In group (A): Topical anesthesia was used. Flap alignment marks were placed on the cornea using a marker coated with methylene blue. A -1LC Moria M2 suction ring was used in all cases. The ring was positioned on the cornea with a slight medial decentration; suction was activated and intraocular pressure was verified to be at least 65mmHg. Moria M2 microkeratome head 130 was used to create corneal flap. The flap was reflected superiorly, exposing the stromal bed. Allegrtto 400Hz laser platform (Wave Light, Erlangen Germany) was used for laser ablation using T-CAT ablation profile to ensure centration of treatment around corneal apex. 6 mm optical zone was applied in all cases. Care was taken to ensure that the stromal bed was dry before and during the ablation and that the undersurface of the flap was protected from the laser ablation. The interface was irrigated with a balanced salt solution; the flap was replaced. Adequate flap position was verified at the slit lamp immediately after surgery.

In group (B): the hyperopic LASIK correction was done but without flap decentration. Postoperative, patients were seen 1 day, 1 week, and 1, 3, and 6 months after surgery at which times UCVA, manifest refraction, BSCVA, corneal topography, and corneal flap status were determined. For the statistical analysis of results between the groups, a chi-squared test was used with the level of significance set at p < 0.05.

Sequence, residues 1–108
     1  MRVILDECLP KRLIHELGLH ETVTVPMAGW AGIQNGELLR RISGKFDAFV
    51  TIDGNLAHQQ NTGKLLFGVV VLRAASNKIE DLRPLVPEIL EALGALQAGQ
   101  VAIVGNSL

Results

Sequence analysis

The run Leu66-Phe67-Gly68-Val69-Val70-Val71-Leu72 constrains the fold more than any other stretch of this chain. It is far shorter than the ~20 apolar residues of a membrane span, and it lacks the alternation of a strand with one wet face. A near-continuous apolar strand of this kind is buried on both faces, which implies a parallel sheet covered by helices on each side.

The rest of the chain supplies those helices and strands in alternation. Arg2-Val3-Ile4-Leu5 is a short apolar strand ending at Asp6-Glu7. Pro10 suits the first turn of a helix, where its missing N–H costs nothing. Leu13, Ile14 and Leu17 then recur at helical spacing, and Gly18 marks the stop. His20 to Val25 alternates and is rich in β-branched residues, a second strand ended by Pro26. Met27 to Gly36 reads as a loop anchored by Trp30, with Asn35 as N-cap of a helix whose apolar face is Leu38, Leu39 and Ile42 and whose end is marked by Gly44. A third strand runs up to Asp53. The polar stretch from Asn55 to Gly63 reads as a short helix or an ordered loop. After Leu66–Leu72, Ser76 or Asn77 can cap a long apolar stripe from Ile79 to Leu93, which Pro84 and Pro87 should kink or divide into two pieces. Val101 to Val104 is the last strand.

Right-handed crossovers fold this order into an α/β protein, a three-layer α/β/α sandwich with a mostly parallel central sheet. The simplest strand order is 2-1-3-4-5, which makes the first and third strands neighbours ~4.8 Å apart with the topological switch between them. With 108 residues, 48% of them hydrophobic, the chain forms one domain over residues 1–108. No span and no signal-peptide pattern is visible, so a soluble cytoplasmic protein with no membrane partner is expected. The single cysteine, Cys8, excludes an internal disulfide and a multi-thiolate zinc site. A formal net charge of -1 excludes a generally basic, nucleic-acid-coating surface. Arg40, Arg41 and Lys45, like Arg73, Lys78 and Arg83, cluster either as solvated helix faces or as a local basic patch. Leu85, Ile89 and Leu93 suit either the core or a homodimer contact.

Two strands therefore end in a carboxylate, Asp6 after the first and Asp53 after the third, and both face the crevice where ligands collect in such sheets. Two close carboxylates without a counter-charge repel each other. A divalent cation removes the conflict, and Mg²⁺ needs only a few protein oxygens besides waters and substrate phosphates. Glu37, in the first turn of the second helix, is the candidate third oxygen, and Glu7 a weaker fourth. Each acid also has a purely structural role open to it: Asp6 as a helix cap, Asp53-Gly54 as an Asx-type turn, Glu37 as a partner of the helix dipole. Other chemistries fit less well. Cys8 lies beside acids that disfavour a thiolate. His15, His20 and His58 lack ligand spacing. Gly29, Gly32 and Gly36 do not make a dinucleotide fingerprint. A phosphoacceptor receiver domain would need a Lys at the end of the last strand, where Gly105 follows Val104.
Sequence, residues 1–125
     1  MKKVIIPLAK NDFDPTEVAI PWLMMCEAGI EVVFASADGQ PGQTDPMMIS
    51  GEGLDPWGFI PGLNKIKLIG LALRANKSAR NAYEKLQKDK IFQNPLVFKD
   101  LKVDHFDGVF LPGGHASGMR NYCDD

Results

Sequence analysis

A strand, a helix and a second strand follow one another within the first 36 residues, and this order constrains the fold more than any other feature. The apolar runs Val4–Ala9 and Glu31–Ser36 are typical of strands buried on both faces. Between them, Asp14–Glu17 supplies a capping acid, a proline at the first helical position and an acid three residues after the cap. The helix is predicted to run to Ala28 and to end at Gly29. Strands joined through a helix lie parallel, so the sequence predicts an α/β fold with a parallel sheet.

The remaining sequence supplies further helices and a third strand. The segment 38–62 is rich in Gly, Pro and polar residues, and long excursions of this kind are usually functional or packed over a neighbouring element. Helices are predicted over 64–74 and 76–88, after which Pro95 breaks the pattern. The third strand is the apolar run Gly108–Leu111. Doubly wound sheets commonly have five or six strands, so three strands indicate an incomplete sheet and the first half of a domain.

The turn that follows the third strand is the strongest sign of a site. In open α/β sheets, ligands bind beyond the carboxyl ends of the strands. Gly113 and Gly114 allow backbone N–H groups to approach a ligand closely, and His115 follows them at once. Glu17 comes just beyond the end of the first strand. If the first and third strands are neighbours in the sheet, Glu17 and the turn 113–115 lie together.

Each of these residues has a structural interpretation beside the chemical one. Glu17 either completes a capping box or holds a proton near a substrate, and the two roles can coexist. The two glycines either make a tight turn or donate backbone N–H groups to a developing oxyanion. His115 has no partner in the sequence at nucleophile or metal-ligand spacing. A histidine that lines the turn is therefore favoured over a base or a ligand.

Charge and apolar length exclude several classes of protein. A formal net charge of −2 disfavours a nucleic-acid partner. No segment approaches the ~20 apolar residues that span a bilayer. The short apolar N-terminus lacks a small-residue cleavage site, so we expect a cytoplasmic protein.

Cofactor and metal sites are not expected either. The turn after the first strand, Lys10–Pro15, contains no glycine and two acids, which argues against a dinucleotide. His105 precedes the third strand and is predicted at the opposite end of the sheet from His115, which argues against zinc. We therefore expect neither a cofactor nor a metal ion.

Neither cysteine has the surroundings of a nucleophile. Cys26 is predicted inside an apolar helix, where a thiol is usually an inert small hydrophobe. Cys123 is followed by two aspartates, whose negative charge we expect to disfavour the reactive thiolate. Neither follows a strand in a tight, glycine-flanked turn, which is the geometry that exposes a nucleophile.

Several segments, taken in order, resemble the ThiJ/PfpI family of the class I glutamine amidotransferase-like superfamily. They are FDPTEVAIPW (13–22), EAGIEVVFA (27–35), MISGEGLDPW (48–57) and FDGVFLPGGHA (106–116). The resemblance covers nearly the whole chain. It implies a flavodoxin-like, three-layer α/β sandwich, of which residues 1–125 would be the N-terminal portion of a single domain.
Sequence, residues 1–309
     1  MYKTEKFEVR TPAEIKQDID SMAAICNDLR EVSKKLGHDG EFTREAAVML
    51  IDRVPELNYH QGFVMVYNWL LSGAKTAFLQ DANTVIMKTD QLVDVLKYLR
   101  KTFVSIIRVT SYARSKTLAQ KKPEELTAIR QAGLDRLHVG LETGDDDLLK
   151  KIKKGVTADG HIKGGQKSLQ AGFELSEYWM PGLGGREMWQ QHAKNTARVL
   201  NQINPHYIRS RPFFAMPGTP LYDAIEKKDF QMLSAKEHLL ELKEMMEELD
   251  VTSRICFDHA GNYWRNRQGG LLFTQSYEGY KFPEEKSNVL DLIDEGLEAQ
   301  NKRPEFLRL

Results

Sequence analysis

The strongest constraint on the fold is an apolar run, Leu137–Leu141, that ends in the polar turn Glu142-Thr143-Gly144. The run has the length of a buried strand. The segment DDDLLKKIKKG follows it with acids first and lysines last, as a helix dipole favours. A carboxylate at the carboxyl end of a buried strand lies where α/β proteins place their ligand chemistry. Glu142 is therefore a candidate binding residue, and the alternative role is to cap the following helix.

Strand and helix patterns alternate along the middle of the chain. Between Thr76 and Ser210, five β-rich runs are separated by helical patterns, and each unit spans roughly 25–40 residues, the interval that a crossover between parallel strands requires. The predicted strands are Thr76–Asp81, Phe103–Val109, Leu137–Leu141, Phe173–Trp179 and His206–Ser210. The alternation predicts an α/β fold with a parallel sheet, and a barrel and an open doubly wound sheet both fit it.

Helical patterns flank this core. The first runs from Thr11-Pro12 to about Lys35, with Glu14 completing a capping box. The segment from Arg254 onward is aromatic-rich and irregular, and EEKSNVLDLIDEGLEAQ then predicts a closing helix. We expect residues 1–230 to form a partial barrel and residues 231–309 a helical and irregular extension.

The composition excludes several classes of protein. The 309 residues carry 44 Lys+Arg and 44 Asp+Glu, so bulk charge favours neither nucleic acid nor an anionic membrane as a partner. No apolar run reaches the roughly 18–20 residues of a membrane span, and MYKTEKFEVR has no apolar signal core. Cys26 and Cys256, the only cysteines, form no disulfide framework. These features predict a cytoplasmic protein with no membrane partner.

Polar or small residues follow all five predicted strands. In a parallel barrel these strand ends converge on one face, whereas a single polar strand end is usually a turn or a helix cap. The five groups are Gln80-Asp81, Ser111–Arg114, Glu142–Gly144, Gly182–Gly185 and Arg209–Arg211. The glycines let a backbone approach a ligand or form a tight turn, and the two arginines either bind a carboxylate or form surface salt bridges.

Results
Forty four eyes of 22 patients with hyperopia were underwent hyperopic LASIK correction. The eyes are divided into two groups; Group (A) of 22 eyes will go operation with intended flap decentration. Group (B) will go operation without decentration. In group (A), the preoperative UCVA ranged from 0.5 to 0.1 with mean of 0.4 ± 0.23 and in group (B) the UCVA ranged from 0.4 to 0.1 with mean of 0.5 ± 0.3 (P value = 0.43 which is insignificant). The mean BCVA was 0.8 ± 0.2 in group (A) and 0.8 ± 0.4 in group (B). The mean cycloplegic spherical equivalent was + 3.5 ± 0.5 and + 3.8 ± 0.6 respectively [Table 1]. Postoperatively, the mean UCVA improved from 0.4 ± 0.23 to 0.90 ± 0.21 in Group (A) and from 0.5 ± 0.3 to 0.8 ± 0.2 in Group (B) (P value = 0.023), and the mean BCVA, from 0.8 ± 0.2 to 0.97 ± 0.1 and from 0.8 ± 0.4 to 0.8 ± 0.2, respectively (P value = 0.01). The mean cycloplegic spherical equivalent improved from + 3.5 ± 0.5 to + 0.25 ± 0.6 in Group (A) and from + 3.8 ± 0.6 to +0.75 ± 0.6 in Group (B) (P value = 0.02). [Table 2] [Figure 1-2]. The safety index was 1.1 in both groups and the efficacy index, 1.01 in Group (A) and 0.98 in Group (B). The enhancement rate was 20.0% and 18.4%, respectively.
Discussion